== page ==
The lame-duck session of Congress that opens Monday will likely be the lamest in recent memory in terms of what it accomplishes, conservative experts say.

Conservatives are urging congressional leaders to pass a short-term funding bill to keep the federal government running past Dec. 9, but not for the fiscal year.

“They should pass the [continuing resolution], and that’s all they should do in the lame duck — nothing more; go home,” Richard Manning, president of Americans for Limited Government, told the Washington Examiner.

“[T]his Republican Congress needs to agree with the American public and those states that sided with [President-elect] Trump and his 290 electoral votes and say, ‘we’re going to end the Obama administration on Jan. 20. We’re not going to extend it through Sept. 30, 2017,” he said, referring to when the fiscal year ends.

Pursuing any other legislative priorities, other than keeping the government funded, would be a “slap in the face to those voters,” he added. “If the legislation is really good, bring it to the floor in regular order,” don’t attach it to an omnibus bill just to push it through, he said. “There is a process. They need to follow it.”

Before Republicans swept Election Day, Congress watchers expected lawmakers to take up a long-term spending bill, reconcile competing versions of the National Defense Authorization Act, address Medicare Part B, extend certain expiring tax provisions, approve war spending and possibly confirm a Supreme Court justice as well as consider a 12-nation trade pact, the Trans-Pacific Partnership.

The lame-duck session, scheduled for three weeks, including Thanksgiving week, during which lawmakers will not be in Washington, is the “wrong time” to pass major legislation, the Heritage Foundation’s Paul Winfree stated Wednesday.

“Members of Congress no longer accountable to the people have no business voting on the people’s business,” he said. “Unaccountable lawmakers produce irresponsible laws,” he said.

The 114th Congress will close whenever leadership adjourns the lame-duck session “sine die,” which also will terminate the service of retiring and defeated members. The 115th Congress opens Jan. 3.

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“Americans are tired of Washington’s addiction to big spending and they fear a lame-duck session will produce yet another log-rolling, omnibus bill that piles up even more debt,” Winfree added.

Current lawmakers will vote on at least one other matter before adjourning — next year’s leadership.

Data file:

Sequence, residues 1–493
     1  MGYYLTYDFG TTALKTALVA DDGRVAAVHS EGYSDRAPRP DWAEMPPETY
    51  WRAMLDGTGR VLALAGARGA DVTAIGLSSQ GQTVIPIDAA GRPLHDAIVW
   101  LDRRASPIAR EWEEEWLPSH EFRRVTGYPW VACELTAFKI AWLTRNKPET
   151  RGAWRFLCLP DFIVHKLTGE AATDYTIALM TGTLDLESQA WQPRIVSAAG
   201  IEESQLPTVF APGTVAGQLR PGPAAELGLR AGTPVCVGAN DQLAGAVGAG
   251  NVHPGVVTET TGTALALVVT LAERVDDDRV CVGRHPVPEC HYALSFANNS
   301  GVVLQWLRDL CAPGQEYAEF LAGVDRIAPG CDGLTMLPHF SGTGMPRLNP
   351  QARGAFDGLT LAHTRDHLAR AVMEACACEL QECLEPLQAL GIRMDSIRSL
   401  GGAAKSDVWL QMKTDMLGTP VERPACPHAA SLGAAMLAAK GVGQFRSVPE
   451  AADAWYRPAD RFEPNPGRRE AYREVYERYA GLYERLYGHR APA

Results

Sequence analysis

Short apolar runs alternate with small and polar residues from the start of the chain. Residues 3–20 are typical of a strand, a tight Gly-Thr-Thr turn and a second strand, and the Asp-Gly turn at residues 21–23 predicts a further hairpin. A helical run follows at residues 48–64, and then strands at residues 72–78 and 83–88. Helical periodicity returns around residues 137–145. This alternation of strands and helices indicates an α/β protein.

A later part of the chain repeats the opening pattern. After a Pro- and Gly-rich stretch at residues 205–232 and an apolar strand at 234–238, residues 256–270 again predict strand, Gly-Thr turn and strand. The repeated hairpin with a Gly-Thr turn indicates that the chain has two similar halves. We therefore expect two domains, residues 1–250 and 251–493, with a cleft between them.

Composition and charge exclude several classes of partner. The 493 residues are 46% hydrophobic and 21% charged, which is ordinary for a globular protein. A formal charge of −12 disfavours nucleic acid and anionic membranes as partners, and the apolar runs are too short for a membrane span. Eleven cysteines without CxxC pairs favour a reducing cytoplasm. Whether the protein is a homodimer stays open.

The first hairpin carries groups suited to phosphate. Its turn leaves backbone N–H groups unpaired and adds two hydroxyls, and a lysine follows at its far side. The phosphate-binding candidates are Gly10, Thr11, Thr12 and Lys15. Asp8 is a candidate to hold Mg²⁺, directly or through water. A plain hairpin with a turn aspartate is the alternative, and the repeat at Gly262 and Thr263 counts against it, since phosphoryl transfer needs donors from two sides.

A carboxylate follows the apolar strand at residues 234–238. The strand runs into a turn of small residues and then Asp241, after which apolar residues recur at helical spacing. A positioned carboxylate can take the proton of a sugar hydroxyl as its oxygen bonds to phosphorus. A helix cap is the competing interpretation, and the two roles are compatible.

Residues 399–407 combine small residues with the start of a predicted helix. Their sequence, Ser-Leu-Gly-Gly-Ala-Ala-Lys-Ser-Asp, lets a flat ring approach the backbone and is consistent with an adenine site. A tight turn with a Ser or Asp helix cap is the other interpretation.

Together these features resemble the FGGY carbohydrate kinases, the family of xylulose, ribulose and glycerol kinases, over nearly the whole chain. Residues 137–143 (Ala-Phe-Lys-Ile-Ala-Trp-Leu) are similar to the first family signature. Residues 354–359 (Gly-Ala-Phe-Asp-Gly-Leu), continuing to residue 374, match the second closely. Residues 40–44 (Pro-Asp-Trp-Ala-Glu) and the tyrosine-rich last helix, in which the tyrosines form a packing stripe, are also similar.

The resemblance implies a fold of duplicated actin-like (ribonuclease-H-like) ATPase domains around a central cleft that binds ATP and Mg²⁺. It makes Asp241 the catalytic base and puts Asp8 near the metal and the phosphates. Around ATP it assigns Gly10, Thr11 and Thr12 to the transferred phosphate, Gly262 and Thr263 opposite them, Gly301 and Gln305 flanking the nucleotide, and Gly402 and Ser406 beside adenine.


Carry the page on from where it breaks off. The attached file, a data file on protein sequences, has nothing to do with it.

House Democrats are expected to retain their current lineup of Reps. Nancy Pelosi, Calif.; Steny Hoyer, Md.; and James Clyburn, S.C., during their caucus meeting Thursday.

No one has emerged to challenge the GOP’s leaders but at least 12 members have formally asked Speaker Paul Ryan of Wisconsin to postpone elections, slated for Tuesday morning.

Rep. Jim Renacci of Ohio gathered signatories Wednesday and Thursday on a letter seeking at least a few days for the House Republican Conference to discuss the discord within the Republican Party the 2016 presidential election exposed, his office confirmed.

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“[I]f necessary, I ask the Republican leadership to keep us in a room until we are ready to join together in one direction,” Renacci wrote in an op-ed published last week that previewed the letter’s tone.

“The first step is just slow down the leadership election,” FreedomWorks’ Adam Brandon said during a Wednesday panel on the Republican Party’s future. “There’s no reason to come back next week and rush it through. Let’s take our time,” he continued.

“You have one shot … to start off making sure everyone is on the same page — everyone is fighting for the same agenda. The worst thing you could do is rush the leadership elections and start the relationship in an acrimonious manner.”

Shortly after holding internal leadership elections, House Republicans will establish their steering committee, which handles organizational matters such as committee assignments, and consider rule changes that will take effect in the new Congress.

Members have already floated some changes they would like to see. For example, Rep. Ken Buck of Colorado plans to ask his colleagues to approve a new calendar that would allow the House to vote to repeal some of President Obama’s executive orders more expeditiously.

Senate Republicans and Democrats also choose their leaders next week.

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